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Comment Re:Contempt of the court... (Score 1) 517

As I said — it is not testimony. The jury will not hear it. The 5th Amendment protects him from being compelled to be a witness against himself

The courts have generally held the 5th Amendment protections to be wider than that. For example, are you denying that people have the right to remain silent when being questioned by police? Why is there a distinction between being questioned by the police and by the court here?

As for encryption passwords, the Supreme Court hasn't ruled on such a case yet, but they have given hints on how they would rule. Maybe this will actually be the case that goes all the way?

I don't know about case law, but there is no "right to remain silent" in the Constitution. You don't have to be a witness against yourself.

Rights do not *only* come from the Constitution. Case law is indeed important, and there's a lot of case law around one's right to remain silent.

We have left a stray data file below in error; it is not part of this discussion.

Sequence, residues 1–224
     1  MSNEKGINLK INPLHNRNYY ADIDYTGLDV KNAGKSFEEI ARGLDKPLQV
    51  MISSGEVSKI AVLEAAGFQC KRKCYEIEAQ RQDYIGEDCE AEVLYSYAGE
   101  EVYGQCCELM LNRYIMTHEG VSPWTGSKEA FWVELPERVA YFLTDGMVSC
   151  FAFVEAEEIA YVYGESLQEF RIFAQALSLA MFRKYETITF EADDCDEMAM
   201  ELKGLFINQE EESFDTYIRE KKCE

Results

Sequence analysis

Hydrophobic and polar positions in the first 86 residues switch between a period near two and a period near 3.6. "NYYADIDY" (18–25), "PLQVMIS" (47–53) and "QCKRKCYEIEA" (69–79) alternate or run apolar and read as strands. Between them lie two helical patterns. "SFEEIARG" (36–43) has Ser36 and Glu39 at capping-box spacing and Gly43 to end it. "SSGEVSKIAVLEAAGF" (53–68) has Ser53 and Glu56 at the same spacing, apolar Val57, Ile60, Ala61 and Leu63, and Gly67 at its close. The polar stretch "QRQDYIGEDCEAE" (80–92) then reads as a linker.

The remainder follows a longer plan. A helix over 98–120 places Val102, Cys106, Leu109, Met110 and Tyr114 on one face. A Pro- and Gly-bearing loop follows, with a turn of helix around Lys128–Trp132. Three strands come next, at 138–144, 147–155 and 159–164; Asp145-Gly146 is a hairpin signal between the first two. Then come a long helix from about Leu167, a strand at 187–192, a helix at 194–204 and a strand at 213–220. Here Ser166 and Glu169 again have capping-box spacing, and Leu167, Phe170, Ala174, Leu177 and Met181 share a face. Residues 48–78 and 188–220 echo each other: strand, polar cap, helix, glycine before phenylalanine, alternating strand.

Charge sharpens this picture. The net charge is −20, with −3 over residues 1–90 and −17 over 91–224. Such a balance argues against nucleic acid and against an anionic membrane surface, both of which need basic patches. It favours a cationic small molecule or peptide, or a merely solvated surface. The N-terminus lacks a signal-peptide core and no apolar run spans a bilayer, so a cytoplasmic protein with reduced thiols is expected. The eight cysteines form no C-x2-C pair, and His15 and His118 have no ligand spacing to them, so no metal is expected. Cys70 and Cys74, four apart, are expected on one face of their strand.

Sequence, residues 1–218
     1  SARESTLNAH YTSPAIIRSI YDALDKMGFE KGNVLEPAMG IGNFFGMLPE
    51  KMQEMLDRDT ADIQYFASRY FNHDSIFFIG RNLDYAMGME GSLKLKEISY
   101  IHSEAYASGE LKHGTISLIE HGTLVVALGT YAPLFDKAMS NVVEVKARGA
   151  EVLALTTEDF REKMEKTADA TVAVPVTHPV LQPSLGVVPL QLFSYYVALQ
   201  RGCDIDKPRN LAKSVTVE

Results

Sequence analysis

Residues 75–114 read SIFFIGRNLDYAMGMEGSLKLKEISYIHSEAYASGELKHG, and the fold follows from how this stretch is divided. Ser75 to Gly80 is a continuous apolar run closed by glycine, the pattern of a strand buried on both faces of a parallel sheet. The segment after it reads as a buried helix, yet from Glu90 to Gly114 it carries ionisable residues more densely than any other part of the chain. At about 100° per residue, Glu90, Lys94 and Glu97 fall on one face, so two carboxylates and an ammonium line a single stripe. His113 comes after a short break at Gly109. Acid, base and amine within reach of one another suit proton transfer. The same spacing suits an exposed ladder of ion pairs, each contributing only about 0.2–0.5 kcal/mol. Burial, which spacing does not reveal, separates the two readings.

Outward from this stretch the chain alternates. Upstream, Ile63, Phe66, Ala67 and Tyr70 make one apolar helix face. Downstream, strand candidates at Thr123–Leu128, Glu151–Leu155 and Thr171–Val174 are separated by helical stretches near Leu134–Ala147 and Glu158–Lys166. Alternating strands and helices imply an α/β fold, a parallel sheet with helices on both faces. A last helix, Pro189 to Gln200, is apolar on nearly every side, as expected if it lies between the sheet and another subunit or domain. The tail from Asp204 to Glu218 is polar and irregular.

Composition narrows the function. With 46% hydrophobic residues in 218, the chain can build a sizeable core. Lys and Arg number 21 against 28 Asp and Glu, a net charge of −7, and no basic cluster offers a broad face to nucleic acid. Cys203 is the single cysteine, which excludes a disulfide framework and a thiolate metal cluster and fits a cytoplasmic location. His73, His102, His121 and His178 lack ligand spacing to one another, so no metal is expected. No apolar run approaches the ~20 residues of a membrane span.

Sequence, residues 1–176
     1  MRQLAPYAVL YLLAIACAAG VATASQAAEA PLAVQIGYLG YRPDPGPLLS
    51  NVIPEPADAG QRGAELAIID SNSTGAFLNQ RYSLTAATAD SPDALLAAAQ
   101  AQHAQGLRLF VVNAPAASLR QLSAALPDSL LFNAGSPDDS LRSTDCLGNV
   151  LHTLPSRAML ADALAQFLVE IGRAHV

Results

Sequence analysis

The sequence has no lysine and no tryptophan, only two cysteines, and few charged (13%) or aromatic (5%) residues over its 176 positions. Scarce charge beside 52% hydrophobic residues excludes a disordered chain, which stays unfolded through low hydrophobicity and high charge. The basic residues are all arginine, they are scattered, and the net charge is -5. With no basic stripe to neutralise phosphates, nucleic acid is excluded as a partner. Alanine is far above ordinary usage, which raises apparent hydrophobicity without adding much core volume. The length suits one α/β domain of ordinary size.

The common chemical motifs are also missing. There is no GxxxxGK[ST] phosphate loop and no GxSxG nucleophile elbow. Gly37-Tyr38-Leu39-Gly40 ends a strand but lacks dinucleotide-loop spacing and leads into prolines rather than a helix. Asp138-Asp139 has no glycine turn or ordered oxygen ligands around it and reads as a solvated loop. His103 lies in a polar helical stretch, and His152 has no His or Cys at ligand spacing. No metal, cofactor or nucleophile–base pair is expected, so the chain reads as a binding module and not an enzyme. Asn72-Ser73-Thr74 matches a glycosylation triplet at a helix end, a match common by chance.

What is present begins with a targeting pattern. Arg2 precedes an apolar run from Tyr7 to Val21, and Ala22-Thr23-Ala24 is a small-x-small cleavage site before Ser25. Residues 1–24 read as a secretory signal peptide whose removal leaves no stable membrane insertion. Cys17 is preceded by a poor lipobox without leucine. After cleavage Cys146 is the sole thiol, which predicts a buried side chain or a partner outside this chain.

Comment Re:Modern HW crypto (Score 1) 517

I'm aware of ATA drive locking and their on-drive encryption, but that's not really what I was referring to.

I was thinking more of organized crime and enemy governments and other well funded and well-planned enterprises -- it would not surprise me if they had custom drive firmware made that was designed to foil the drive being imaged for forensics. I don't know if this is actually being done yet (though I suspect it is), but if it was, law enforcement (well, the better-equipped offices, and especially things like the NSA) would adapt.

And yes, you're right, such countermeasures would be a good deal harder to deal with on SSDs than spinning hard drives. Perhaps even approaching impossible without a lot of assistance from the drive manufacturer themselves.

And no, I wouldn't expect any of this to be done by a guy who's simply got illegal porn on his computer. Really, just keeping it on an encrypted drive probably puts him ahead of most.

Comment Re:In an ideal world (for the cops) yes (Score 1) 517